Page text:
I used to detest wearing knee pads, or any other kind of body armour for that matter. Living in a warm climate was part of it, and up until a few years ago, I guess my expectation was that only beginners or hardcore downhillers wore body armour. A few spectacular crashes and some choice injuries over the years have made me reconsider my perspective though.
Probably related is that I’m also riding quicker than I used to, or at least, I’m descending tricky trails a lot faster because modern bikes allow me to. I’d say it was because of my red-hot skills, but really it’s because of embellishments like dropper posts, suspension and big wheels, which have all improved my riding abilities. I’m not taking risks per se, but the consequences of coming off are higher than before. And it’s a pretty simple equation really; more speed = bigger crashes.
It’s a pretty simple equation really; more speed = bigger crashes.
Advancements in flexible body armour have made me reconsider my perspective on protecting my ageing body though. The stiff and hard plastic body armour still exists for the freeride and bikepark crowd, but for those who don’t need such full-on body armour, a new frontier of lightweight, flexible and breathable pads are now available to those who pedal their bikes uphill as well as down.
As we discovered in our ‘Pads For Pedalling’ group test, these flexible pads can vary a lot in construction, materials and weight. There are some knee and elbow pads these days that are so thin that they just feel like you’re wearing a slightly thicker layer of clothing. Those style of pads are a good starting point for riders who either hate wearing body armour in the first place, or those who simply just want a bit of scratch/cut protection.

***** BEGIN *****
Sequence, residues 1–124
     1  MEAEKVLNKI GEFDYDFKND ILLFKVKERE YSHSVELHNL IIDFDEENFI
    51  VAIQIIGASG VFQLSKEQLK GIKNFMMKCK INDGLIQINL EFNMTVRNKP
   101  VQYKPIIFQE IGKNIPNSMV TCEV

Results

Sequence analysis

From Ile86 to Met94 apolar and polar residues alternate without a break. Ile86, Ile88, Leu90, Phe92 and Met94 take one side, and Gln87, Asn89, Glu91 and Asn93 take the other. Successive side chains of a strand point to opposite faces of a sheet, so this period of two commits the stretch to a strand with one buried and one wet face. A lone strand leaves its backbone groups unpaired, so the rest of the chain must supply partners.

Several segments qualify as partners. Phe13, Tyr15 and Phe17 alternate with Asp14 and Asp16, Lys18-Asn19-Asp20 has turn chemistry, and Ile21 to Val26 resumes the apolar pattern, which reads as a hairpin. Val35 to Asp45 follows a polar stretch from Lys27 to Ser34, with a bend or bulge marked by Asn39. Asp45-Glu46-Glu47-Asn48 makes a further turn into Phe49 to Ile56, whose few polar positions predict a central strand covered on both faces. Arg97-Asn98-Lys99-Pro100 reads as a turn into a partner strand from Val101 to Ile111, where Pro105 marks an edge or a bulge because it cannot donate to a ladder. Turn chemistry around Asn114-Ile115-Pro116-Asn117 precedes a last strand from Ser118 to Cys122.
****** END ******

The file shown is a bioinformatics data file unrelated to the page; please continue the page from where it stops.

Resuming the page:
I reviewed the G-Form Pro-X knee pads last year, and there’s no doubt that they fall into that uber-minimalist camp. I really liked how lightweight and comfy they were to ride with, but for bigger and harder impacts, they left a little to be desired. And given I only have two knees available, I’m pretty keen on keeping them in one piece. Stepping up the protection stakes, the Elite knee pad from G-Form features a similar concept to the Pro-X, but simply beefs up the padding and coverage to provide more material between the rocks and your delicate knee caps. They still make your knees look like mini meteorites though.
G-Form Elite Knee Pad Features
- Pedal friendly slip-on softshell knee pad
- CE certified for motorcyclist/bicyclist limb protector [CE EN 1621-1:2012]
- Body-mapped, impact-absorbing
- Reaction Protection Technology (RPT) pads
- Lightweight compression fabric construction
- Mesh back panel for breathability and moisture-wicking
- Sizes: X-Small, Small, Medium, Large & X-Large
- RRP: £85
Just like the Pro-X, the Elite knee pads feature a Lycra tube construction that’s designed to be pulled straight over your bare leg. That means you’ll have to whip your shoes off to fit or remove the pads, but it does result in a very comfortable and lightweight feel. Both the top and bottom cuffs get a thick elastic band, with internal silicone detailing providing a little more traction on your sweaty skin.
Speaking of sweat, the back of the pad has a wide strip of breathable mesh that runs from top to bottom to deal with that, and on hot days this section feels noticeably airy. When moisture does build up – whether that’s from sweat or just from puddle splashback – the fabric does an excellent job of dispersing it throughout and evaporating quickly. Because there’s no eyelets through the protective pad itself however, breathability over your knees is limited compared to breezier options like the Dakine Trail Skins 2, for example.